In Houston, Texas, students received offensive superlative awards at Lance Cpl. Anthony Aguirre Junior High School.
Lizbeth Villanueva was given the “Most Likely to Become A Terrorist” award and Sydney Caesar was given the “Most Likely to Blend In With White People” award at a mock awards ceremony for their advanced learning classes.
That’s right. These awards were typed up and a group of teachers laughed as the awards were presented to middle school students. Although there is no indication as to whether or not the school administration was aware of the awards prior to the event, the Building Principal released a statement regarding the incident:
“Aguirre Administration would like to first of all apologize for the insensitive and offensive fake mock award that were given to students…As principal, I want to assure all students, parents and community members that these ward statement and ideals are NOT representative of the Aguirre Vision, Mission, and educational goals for its students.”
What’s worse is the fact that there were other teachers and faculty that were aware of this beforehand and allowed it to unfold at the expense of these students, and may have even laughed at some point. tweet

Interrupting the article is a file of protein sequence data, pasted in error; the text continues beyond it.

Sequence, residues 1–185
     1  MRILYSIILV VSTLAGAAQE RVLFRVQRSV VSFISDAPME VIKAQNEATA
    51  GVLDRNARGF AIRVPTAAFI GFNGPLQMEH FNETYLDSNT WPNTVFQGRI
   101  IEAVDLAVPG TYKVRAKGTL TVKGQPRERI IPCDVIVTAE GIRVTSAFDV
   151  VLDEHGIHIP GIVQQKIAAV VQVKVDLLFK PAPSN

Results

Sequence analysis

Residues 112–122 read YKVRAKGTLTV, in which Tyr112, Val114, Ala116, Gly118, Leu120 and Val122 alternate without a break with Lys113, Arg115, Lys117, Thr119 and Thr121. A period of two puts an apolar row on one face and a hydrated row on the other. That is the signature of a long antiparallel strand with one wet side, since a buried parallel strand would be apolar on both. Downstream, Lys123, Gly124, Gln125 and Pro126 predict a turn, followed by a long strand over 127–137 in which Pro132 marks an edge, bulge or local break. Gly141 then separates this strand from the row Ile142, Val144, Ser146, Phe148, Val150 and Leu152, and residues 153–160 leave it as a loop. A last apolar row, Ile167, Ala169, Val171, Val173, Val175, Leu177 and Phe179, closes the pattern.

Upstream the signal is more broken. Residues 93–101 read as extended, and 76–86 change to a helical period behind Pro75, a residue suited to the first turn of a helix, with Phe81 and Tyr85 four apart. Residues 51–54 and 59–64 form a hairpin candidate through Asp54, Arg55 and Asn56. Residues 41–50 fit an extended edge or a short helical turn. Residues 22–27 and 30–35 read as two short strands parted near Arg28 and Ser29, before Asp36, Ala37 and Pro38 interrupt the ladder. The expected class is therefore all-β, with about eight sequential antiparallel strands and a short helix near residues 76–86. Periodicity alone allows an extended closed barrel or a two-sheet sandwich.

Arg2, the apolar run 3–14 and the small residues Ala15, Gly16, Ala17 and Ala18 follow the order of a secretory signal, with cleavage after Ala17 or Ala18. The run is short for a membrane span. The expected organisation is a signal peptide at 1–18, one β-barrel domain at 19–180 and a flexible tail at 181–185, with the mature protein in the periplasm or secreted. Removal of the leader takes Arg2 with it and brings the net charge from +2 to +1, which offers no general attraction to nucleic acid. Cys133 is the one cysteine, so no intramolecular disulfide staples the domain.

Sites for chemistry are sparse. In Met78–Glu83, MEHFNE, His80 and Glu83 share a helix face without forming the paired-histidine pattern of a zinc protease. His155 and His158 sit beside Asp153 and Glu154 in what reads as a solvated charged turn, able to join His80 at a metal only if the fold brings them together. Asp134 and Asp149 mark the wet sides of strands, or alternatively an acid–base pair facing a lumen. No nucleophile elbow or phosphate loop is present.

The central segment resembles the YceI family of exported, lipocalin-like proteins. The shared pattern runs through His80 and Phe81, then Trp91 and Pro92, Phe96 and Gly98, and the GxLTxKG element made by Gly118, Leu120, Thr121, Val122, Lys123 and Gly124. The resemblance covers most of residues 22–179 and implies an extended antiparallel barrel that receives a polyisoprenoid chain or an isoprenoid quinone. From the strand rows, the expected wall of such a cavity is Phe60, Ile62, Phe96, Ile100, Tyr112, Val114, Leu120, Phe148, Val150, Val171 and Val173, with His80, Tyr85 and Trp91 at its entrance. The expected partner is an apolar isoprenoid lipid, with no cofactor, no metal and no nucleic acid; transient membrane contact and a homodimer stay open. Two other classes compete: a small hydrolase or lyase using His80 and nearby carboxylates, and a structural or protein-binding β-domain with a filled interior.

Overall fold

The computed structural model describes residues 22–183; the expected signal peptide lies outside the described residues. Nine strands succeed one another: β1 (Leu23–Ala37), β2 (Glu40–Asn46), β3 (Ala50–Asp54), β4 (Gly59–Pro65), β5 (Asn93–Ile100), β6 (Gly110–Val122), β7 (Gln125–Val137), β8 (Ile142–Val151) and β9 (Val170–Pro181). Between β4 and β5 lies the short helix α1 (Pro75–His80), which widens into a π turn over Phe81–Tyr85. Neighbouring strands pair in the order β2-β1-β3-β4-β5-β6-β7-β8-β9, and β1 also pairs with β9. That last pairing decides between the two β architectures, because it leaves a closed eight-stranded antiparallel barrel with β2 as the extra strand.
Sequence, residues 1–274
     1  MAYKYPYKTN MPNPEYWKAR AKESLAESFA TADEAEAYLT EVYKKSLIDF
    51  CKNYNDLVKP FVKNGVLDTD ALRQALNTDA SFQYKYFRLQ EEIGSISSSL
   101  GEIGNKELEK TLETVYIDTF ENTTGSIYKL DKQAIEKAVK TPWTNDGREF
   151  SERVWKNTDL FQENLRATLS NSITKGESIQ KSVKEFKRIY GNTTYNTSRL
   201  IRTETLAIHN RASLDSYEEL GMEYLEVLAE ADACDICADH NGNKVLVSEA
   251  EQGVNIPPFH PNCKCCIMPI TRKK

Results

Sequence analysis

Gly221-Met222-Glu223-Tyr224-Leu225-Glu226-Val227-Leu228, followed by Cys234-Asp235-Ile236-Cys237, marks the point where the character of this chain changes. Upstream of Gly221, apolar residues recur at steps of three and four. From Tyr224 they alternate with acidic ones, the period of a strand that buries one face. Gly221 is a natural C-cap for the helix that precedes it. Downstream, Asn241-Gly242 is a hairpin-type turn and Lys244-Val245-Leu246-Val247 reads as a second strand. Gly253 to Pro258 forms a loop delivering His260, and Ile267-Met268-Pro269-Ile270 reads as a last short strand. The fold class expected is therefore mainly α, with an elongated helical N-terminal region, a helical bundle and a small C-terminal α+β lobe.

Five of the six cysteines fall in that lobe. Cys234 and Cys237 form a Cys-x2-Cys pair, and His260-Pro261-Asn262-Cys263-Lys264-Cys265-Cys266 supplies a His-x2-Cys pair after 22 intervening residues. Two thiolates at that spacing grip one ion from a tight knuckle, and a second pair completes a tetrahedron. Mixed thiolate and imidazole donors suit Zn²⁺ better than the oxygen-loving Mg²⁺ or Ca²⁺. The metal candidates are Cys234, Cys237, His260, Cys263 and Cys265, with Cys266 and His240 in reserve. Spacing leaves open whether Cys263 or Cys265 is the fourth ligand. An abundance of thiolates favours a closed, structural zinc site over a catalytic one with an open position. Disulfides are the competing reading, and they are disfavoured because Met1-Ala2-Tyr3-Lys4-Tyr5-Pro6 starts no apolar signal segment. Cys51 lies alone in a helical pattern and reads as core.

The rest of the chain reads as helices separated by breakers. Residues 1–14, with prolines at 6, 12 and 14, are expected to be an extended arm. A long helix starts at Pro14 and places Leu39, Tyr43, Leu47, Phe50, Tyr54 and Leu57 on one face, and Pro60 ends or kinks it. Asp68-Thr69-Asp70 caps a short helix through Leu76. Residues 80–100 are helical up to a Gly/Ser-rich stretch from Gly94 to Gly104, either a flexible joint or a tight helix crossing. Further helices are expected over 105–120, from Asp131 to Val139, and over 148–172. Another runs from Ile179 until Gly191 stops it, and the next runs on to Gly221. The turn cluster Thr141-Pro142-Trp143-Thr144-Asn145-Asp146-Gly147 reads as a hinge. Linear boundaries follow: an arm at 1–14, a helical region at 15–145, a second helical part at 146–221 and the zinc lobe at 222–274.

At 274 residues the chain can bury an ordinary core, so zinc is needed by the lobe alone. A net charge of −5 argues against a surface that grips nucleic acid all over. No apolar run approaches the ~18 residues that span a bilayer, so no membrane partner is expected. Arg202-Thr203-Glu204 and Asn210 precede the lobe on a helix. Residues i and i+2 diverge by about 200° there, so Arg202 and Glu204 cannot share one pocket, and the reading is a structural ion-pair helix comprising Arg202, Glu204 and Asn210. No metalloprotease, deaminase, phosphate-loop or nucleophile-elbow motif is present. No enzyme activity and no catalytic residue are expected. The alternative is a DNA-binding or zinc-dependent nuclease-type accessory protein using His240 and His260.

Apparently, it was supposed to be a joke, part of a mock end-of-the-year awards ceremony at Anthony Aguirre Junior High in Channelview, Tex., near Houston, where a group of teachers hand certificates to students. Lizeth, 13, said her teacher “just laughed” when she signed and handed her the certificate, according to Washington Post.
Although CNN reports the school has not publicly identified the teacher who presented the award to Vilanueva, The Root states Caesar received her award from from her college-prep teacher Stacey Lockett. Prior to this incident, the teacher gave Caesar “a ‘black quiz’ to prove how black she was.”
It’s bad enough that awards were typed out and presented that trivialized the experiences and identities of young students. What’s worse is the fact that there were other teachers and faculty that were aware of this beforehand and allowed it to unfold at the expense of these students, and may have even laughed at some point.
As an institution, education has constantly used marginalized students and their experiences to advertise itself as a means of liberation from these students’ circumstances. That can never be accomplished so long as these students are used as the butt-end of racist jokes and the abuse of bigoted faculty.